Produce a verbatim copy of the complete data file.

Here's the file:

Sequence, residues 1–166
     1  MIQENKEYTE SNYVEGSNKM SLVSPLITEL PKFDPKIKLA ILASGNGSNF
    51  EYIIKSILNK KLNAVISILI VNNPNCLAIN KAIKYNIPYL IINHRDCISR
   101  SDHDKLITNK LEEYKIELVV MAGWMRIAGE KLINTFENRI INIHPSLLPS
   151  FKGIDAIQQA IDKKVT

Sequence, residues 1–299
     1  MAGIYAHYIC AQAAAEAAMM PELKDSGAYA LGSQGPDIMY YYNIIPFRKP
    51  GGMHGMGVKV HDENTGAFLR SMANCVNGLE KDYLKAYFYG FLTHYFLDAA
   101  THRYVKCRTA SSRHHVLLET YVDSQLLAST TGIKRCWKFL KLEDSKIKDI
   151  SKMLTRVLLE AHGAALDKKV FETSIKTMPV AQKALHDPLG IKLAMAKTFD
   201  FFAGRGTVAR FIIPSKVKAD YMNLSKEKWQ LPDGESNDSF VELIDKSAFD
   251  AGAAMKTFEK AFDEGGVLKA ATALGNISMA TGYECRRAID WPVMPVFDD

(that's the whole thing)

Sequence, residues 1–166
     1  MIQENKEYTE SNYVEGSNKM SLVSPLITEL PKFDPKIKLA ILASGNGSNF
    51  EYIIKSILNK KLNAVISILI VNNPNCLAIN KAIKYNIPYL IINHRDCISR
   101  SDHDKLITNK LEEYKIELVV MAGWMRIAGE KLINTFENRI INIHPSLLPS
   151  FKGIDAIQQA IDKKVT

Sequence, residues 1–299
     1  MAGIYAHYIC AQAAAEAAMM PELKDSGAYA LGSQGPDIMY YYNIIPFRKP
    51  GGMHGMGVKV HDENTGAFLR SMANCVNGLE KDYLKAYFYG FLTHYFLDAA
   101  THRYVKCRTA SSRHHVLLET YVDSQLLAST TGIKRCWKFL KLEDSKIKDI
   151  SKMLTRVLLE AHGAALDKKV FETSIKTMPV AQKALHDPLG IKLAMAKTFD
   201  FFAGRGTVAR FIIPSKVKAD YMNLSKEKWQ LPDGESNDSF VELIDKSAFD
   251  AGAAMKTFEK AFDEGGVLKA ATALGNISMA TGYECRRAID WPVMPVFDD